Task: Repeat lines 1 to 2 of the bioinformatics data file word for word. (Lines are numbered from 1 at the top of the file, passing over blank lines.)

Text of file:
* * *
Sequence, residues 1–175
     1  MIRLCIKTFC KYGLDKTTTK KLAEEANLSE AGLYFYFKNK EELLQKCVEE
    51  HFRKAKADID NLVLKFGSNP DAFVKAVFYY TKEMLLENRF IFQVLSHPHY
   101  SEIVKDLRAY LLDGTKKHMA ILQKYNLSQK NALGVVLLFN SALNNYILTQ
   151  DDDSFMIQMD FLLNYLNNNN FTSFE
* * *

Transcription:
Sequence, residues 1–175
     1  MIRLCIKTFC KYGLDKTTTK KLAEEANLSE AGLYFYFKNK EELLQKCVEE